von Willebrand disease
Von Willebrand disease is an inherited condition in which one of the clotting factors needed in order for the blood to clot normally — von Willebrand factor — is either deficient or abnormal. This clotting problem causes abnormal bleeding.
Von Willebrand disease is common, occurring in at least one in 1000 of the population, possibly much higher given that there might be a significant number of people who remain undiagnosed. This is because many people with this condition have no symptoms and may only become aware of the problem after surgery or a major accident.
Symptoms of von Willebrand disease
Von Willebrand disease causes problems with bleeding, including:
- frequent nosebleeds and gum bleeds;
- easy bruising;
- heavy periods;
- prolonged bleeding after minor cuts and scrapes; and
- heavy bleeding after dental work.
Occasionally, someone with von Willebrand disease will have a severe haemorrhage after surgery or trauma.
Von Willebrand disease has a wide range of severity and it is quite rare for people to be seriously affected. There can even be marked differences in severity within the same family.
Types of von Willebrand disease
Von Willebrand disease is divided into three types:
- Type 1 is where there are low levels of von Willebrand factor but the factor itself functions normally. This is the most common type, making up almost 75 per cent of cases of von Willebrand disease. It is usually not severe.
- Type 2 is where there is an irregularity with the von Willebrand factor affecting its ability to function.
- Type 3 occurs where there is total or near total absence of von Willebrand factor. This is the most severe and the rarest form of the disease.
Von Willebrand disease is an inherited condition. Someone with the disease has a 50 per cent chance of passing it on to their child. Men and women are affected equally, and the diagnosis can be confirmed with blood tests taken by your doctor.
In general, no treatment is required for von Willebrand disease. However, those affected should notify their health professional before having surgery or a dental procedure in which excessive bleeding might be a problem.
In more severe cases of von Willebrand disease, treatment may be required to stimulate the production of von Willebrand factor and to treat or prevent the bleeding. Concentrated clotting factors, including von Willebrand factor, are also sometimes used (given through a drip into a vein).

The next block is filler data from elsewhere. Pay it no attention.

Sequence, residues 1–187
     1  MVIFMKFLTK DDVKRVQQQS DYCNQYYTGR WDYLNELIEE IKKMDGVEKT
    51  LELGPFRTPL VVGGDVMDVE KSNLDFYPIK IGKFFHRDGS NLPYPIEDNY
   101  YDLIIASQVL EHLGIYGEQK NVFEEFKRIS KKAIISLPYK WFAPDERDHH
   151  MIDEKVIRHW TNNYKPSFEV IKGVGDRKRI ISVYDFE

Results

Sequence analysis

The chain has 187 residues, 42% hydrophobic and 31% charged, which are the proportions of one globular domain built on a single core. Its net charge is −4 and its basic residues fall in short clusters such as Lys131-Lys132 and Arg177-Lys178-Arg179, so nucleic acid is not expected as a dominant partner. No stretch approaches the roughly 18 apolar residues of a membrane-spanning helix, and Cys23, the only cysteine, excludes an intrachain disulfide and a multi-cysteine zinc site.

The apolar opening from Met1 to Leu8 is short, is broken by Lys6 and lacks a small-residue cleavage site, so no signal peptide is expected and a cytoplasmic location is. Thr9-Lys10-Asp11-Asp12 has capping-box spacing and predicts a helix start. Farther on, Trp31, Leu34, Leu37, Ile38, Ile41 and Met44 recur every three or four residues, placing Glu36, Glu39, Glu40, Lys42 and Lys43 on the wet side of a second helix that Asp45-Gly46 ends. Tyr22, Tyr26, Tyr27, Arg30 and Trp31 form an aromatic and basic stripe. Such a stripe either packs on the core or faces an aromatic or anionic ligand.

The oral contraceptive pill (the pill) can be taken by women with von Willebrand disease to help control heavy periods. The oestrogen in the pill can help to increase levels of von Willebrand factor and reduce blood loss.
Another option to help control heavy periods is a levonorgestrel intrauterine device. This is a contraceptive device that is placed in the uterus and releases synthetic progesterone.
Pregnancy and childbirth does not usually present a risk for a woman with this disease because, in most women, the levels of von Willebrand factor rise during pregnancy. However, it is still advisable for a woman to notify those supervising her antenatal care of the fact she has the disease.
People with von Willebrand disease should consult their doctor before taking non-steroidal anti-inflammatory drugs (NSAIDs) such as ibuprofen or aspirin, because these medicines can affect blood clotting.
Last Reviewed: 28/02/2013
1. Royal Childrenâ€™s Hospital Melbourne. Clinical Practice Guidelines: von Willebrand disease (updated 1 Sep 2012). http://www.rch.org.au/clinicalguide/guideline_index/Von_Willebrand_Disease_vWD/ (accessed Mar 2013).
2. Haemophilia Foundation Australia. Von Willebrand disorder: Frequently asked questions and facts (updated 5 November 2012). http://www.haemophilia.org.au/bleedingdisorders/cid/30/parent/0/pid/1/t/bleedingdisorders/title/von-willebrand-disorder (accessed Mar 2013).
3. National Heart, Lung and Blood Institute. Von Willebrand disease (updated 1 Jun 2011). http://www.nhlbi.nih.gov/health/health-topics/topics/vwd/ (accessed Mar 2013).
4. Haemophilia Foundation Australia. Guide for people living with von Willebrand disorder (June 2010). http://www.haemophilia.org.au/documents/item/1301 (accessed Mar 2013).
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